Two years ago (almost to the day), we were soaking up sunshine and frolicking with sea lions in the Galápagos Islands. It was just as dreamy as it sounds! Even after all of the traveling we've done in Asia since then, this is one of the destinations people ask us about most often. And the one thing everyone wants to know: "Is it expensive to travel to the Galápagos?"
YES. No question about it.
But lucky for you, we're going to share our best tips for traveling there on a budget because we believe it's a place that not only the rich should experience.
We'll even share exactly how much we spent, so you have an idea of what you're in for.
Though not as budget-friendly as many other South American destinations, visiting this stunning archipelago is definitely doable even if you're not related to Donald Trump... (and for your sake, we sure hope you aren't!)
Why did we decide to go to the Galápagos, despite it's reputation of being only for the rich?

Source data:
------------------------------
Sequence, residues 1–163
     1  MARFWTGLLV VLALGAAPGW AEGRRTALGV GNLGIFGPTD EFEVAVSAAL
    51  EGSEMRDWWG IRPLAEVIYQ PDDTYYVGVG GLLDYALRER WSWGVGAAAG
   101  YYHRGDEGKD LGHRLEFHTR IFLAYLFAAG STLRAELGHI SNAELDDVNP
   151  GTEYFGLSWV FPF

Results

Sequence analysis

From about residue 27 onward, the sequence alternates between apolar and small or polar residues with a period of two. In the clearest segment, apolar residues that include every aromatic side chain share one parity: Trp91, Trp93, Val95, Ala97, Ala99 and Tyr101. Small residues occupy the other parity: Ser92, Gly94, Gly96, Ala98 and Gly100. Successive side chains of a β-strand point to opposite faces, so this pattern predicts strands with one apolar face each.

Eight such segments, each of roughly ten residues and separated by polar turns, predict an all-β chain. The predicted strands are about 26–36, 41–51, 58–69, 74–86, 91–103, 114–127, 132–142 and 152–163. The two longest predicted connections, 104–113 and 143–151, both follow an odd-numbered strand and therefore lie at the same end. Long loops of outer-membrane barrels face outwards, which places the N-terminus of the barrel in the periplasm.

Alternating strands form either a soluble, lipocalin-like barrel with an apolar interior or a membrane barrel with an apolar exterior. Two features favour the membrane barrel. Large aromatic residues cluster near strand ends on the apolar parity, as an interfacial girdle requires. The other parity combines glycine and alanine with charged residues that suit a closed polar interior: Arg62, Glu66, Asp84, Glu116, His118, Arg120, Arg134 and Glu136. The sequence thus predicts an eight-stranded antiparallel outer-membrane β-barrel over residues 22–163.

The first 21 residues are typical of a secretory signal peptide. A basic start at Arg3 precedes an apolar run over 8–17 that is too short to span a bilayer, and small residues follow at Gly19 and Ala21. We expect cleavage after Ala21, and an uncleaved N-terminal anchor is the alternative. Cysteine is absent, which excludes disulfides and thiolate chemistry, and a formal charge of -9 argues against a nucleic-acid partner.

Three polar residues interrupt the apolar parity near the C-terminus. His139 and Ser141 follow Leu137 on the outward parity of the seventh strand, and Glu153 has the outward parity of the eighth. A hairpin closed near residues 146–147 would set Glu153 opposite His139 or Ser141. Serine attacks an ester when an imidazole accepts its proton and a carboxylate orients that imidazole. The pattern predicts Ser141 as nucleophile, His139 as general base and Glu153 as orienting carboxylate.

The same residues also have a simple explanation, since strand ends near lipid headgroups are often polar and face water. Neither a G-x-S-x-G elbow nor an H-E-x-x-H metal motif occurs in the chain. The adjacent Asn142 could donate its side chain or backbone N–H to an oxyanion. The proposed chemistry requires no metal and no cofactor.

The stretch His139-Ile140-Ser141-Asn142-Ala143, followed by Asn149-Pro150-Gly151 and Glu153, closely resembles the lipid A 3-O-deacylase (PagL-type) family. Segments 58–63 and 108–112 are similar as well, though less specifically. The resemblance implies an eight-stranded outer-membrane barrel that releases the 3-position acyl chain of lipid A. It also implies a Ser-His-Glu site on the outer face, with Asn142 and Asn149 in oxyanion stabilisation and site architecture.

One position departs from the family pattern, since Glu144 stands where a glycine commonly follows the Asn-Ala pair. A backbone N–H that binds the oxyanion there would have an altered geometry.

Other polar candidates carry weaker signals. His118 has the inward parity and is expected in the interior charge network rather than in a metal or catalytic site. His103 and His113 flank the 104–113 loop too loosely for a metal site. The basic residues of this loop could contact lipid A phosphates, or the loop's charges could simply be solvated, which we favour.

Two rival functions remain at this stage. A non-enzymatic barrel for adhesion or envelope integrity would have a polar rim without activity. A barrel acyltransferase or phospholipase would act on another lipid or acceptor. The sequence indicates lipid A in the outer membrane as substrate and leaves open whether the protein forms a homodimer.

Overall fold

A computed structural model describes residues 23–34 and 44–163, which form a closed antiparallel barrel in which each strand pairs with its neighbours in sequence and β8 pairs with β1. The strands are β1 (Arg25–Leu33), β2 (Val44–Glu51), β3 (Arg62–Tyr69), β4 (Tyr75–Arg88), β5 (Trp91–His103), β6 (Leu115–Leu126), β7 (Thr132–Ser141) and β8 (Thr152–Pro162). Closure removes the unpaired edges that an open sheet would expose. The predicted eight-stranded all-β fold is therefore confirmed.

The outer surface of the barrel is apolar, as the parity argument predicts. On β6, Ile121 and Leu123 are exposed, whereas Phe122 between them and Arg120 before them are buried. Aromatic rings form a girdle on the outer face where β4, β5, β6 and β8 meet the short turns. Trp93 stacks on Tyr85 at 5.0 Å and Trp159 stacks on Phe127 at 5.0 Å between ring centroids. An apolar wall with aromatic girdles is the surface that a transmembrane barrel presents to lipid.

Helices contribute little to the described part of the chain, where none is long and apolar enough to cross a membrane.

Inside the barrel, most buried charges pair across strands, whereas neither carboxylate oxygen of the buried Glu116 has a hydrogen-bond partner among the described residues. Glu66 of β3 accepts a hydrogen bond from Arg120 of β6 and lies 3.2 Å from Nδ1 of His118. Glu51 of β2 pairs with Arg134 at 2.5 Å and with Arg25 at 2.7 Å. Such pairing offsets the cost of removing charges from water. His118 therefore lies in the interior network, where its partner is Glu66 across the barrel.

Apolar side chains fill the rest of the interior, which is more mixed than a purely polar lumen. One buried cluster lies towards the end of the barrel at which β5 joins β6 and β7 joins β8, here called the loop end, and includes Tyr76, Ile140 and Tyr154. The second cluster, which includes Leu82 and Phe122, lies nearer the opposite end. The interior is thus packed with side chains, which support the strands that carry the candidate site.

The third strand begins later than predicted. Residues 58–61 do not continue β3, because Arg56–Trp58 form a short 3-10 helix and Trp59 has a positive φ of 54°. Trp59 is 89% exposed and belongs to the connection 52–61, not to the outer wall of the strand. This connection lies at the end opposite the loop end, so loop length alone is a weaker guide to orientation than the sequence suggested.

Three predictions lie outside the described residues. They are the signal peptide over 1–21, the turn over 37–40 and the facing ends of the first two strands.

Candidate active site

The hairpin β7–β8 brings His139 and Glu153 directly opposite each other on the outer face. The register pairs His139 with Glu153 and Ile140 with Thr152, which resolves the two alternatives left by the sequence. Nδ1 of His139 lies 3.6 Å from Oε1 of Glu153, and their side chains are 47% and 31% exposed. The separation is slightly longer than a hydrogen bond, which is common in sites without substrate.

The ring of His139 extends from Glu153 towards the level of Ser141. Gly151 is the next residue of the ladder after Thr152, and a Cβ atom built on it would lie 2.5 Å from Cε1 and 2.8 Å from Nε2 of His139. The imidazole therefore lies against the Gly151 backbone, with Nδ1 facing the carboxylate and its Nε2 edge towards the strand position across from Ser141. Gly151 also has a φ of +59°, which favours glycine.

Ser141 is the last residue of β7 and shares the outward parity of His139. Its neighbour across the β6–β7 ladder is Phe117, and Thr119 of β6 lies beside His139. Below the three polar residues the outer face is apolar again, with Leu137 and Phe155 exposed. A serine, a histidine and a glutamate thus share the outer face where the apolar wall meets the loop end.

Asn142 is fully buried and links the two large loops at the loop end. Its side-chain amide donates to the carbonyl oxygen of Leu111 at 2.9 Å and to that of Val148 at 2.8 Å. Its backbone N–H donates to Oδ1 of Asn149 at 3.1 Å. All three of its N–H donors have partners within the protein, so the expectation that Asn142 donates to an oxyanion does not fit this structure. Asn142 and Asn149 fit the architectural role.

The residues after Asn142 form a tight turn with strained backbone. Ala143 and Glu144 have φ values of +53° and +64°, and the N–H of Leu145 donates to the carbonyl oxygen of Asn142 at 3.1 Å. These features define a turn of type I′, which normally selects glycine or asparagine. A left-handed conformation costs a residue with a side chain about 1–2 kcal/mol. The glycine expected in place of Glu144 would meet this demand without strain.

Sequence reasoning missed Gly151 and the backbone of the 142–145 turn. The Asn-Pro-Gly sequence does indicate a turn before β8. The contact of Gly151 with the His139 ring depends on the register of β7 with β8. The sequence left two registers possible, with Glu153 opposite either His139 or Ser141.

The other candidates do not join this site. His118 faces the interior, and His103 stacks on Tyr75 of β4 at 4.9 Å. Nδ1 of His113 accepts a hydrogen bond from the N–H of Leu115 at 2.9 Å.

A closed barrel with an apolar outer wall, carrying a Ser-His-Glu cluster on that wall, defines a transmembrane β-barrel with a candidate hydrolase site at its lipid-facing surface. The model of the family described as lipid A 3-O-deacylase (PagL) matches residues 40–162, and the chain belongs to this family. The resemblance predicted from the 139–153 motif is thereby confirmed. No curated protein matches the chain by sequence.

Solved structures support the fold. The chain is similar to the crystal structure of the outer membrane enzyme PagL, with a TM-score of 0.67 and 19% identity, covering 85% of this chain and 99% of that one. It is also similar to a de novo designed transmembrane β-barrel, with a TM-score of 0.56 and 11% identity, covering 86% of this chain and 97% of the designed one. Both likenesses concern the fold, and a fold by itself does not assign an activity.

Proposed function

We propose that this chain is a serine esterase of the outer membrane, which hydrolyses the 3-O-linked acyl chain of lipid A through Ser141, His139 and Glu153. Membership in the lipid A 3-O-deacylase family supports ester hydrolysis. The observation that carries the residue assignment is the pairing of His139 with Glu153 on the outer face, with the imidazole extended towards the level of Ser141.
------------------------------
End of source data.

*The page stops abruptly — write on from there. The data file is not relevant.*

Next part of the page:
While backpacking in South America, we had no intention of visiting the Galápagos. From everything I had read, I knew it was hella expensive, and that was enough to keep us away. We had a pretty tight budget to stick to, after all. But after countless travelers we met along the way recounted stories of this magical place, we finally convinced ourselves that since we were already in Ecuador, going to the Galápagos would never be cheaper.
We thought of it this way: Sure, in 10 years we will (hopefully) have more dough in our savings account, but it's highly likely that the ecological wonder will no longer be the same. The ecosystem on the islands is already being damaged in large part due to tourism.
Side note: When you do visit the Galápagos, please travel consciously. Don't litter (go the extra mile and pick up a few pieces of trash while you're there!), choose companies that treat the environment with respect, and don't harm the animals!
Once we realized that there's no better time to visit the Galápagos than the present, we bit the bullet and bought a last minute flight. We were fully aware that this excursion would break the budget we'd set for our 3-month trip, but we were determined to do our best of keeping our costs as low as possible. And we did a pretty good job of it!